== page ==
The museum is holding two edit-a-thons, which have become popular ways for groups to tackle the dearth of female figures on Wikipedia pages in areas such as science and museum curation, on 1 June. Butcher believes for the younger generation, the internet is a vital research tool and if artists don’t have a presence, they can quickly become obsolete.
“So much important history is in out-of-print books or in people’s heads so it’s great we have the chance to get that down,” she said. “I think there’s a risk with Generation Z that if it isn’t online, it doesn’t count.
Read the rest on the Guardian website.

Tuesday, 21 May 2019

Tour of the Historic Brick Works in Toronto’s Don Valley

Sunday 9th of June 2019, 2 pm

Come to Evergreen Brick Works and explore the 130-year-old factory, transformed
by environmental charity Evergreen into a sustainable office complex and environmental
community centre. Our heritage-themed tour will explain the origins and architecture of
the brick factory, the process of brick-making, and tell some of the workers’ stories.

Tour fee: $14. Payable at the site. (Cash only please. Exact change appreciated.)
Please reserve by May 28 so tour arrangements can be made. E-mail:

Our gathering spot for tours is the Young Welcome Centre. 

Getting there:

A TTC bus departs from Davisville Station, 28 Southbound approximately every 20 minutes.

A free Evergreen Brick Works shuttle bus departs from the parkette on Erindale Avenue, just north of the Broadview subway station (Not in the station). It leaves on the hour and half hour on Sundays.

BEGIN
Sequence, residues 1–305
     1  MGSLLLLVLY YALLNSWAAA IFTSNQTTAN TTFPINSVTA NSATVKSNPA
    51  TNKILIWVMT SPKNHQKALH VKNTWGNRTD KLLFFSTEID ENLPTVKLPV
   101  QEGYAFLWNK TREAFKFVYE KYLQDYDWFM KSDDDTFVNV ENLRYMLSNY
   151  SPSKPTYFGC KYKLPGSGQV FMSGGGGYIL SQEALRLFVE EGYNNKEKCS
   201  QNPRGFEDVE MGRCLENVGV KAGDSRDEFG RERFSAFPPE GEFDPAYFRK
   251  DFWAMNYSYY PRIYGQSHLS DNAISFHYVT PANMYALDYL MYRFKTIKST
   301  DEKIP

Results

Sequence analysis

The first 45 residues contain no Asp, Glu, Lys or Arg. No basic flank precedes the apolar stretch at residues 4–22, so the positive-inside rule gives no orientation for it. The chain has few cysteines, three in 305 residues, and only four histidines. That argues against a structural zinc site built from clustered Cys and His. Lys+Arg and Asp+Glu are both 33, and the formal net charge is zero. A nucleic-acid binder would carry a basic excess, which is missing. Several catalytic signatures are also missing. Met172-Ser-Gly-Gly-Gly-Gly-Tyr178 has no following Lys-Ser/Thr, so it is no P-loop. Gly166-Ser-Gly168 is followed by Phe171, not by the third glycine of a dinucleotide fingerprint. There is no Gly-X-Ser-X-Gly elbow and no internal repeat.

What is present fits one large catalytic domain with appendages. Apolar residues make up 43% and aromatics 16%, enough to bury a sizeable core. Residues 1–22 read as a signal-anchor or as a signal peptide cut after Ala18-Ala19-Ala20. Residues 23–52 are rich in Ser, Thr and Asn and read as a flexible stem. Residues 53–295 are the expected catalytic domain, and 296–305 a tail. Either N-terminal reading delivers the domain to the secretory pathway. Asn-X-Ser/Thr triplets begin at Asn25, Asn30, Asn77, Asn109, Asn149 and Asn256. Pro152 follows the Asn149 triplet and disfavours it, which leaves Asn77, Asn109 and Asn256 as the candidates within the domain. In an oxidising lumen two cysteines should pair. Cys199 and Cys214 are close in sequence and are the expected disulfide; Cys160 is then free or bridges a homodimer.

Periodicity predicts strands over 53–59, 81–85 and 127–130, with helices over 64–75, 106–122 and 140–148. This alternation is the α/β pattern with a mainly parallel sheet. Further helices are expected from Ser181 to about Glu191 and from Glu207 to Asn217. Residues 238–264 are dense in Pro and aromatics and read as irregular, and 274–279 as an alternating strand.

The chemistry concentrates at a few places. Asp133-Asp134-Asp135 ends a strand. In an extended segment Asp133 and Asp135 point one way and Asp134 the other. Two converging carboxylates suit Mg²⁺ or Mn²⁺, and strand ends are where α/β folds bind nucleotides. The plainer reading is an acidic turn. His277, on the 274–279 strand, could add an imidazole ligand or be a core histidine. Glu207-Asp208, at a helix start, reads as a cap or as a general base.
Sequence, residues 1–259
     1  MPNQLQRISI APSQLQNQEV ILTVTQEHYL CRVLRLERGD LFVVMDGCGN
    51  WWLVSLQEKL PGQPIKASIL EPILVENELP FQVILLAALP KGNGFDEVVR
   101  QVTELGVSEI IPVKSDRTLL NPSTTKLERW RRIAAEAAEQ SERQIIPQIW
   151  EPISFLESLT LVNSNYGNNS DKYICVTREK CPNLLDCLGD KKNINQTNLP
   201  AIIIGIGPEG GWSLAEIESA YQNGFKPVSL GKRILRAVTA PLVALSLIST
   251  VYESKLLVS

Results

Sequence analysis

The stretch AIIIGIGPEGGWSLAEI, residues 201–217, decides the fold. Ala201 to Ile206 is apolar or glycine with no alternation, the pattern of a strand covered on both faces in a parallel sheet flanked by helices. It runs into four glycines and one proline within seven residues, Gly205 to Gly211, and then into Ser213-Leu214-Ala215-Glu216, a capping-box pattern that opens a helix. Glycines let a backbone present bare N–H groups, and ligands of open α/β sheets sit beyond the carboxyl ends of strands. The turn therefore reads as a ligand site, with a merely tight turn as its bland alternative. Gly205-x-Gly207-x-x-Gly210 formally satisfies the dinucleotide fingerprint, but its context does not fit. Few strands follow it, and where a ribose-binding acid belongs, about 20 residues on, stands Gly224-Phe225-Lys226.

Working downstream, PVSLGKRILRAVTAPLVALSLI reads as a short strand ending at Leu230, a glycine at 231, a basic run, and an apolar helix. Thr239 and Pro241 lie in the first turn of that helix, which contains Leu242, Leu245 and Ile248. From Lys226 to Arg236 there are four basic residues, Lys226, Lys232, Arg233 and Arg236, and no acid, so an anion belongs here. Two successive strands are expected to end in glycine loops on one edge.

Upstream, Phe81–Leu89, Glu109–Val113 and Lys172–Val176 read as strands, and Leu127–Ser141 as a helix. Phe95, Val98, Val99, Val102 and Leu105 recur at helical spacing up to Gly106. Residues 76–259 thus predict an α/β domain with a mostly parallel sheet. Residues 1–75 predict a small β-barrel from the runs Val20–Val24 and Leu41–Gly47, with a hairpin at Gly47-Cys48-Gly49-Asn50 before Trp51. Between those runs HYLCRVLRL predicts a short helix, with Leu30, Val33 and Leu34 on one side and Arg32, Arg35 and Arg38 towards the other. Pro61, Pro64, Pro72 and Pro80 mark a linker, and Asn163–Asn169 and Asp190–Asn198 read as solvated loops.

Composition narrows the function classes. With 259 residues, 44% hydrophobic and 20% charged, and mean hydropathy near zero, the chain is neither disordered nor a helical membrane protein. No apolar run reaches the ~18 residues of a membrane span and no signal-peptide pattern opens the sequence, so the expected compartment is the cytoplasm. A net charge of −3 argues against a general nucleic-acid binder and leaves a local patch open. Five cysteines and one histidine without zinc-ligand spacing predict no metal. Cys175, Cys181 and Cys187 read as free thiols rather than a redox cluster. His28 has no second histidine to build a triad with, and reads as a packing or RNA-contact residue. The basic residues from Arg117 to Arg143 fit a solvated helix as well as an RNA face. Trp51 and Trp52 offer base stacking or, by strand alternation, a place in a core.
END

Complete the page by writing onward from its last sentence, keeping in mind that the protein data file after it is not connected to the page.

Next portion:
There is also paid parking at the Brick Works site.

Come down early and you can visit artisans’ booths on-site as well as having lunch beforehand at the Sunday market local food court, open 10am-3pm. You can pick from a broad array of options, including Persian food, Tibetan momos, Mexican street food, tapioca crepes, Turkish stuffed flatbread and churros with chocolate sauce. 

Background info

The Don Valley Brick Works (known now as the Evergreen Brick Works) is a former quarry and industrial site located in the Don River Valley. The Don Valley Brick Works operated for nearly 100 years and provided bricks used to construct many well-known Toronto landmarks, such as Casa Loma, Osgoode Hall, Massey Hall, and the Ontario Legislature. Since the closure of the original factory, the quarry has been converted into a city park which includes a series of naturalized ponds, while the buildings have been restored and opened as an environmentally focused community and cultural centre by Evergreen, a national charity dedicated to restoring nature in urban environments.

In 2009, National Geographic Traveler named Evergreen Brick Works one of the 10 finalists in its Geotourism Challenge 2009, "a global competition of tourism-related projects that promote natural and cultural heritage while improving the well-being of the local people". The 10 finalists were chosen from 610 entries from 81 countries.  In early 2017, Evergreen launched the redevelopment of the historic Kiln Building, creating a new hub for people across all sectors to collaborate in building sustainable cities. The project is one of the first in Canada to set and strive for a carbon-neutral target.

Friday, 26 April 2019

Tour of St Thomas Anglican Church

Join us for a Tour of St Thomas Anglican Church!
Saturday May 4th, 2019, 2 pm
383 Huron St

The church is an Arts and Crafts building designed by architect and parishioner Eden Smith (1858–1949) and was opened on January 17, 1893. The Memorial First World War Baptistery with Bromsgrove Guild stained glass windows was completed in 1922. 

The tour will be a joint one, with the rector, The Revd Mark Andrews and Dr. Carl Benn.

Getting here: TTC (click this link)
Take the subway to St George and exit via the St George exit (near the Bata Shoe Museum). 
Walk South to Bloor St, walk West one block to Huron Street, head South to St Thomas Anglican Church.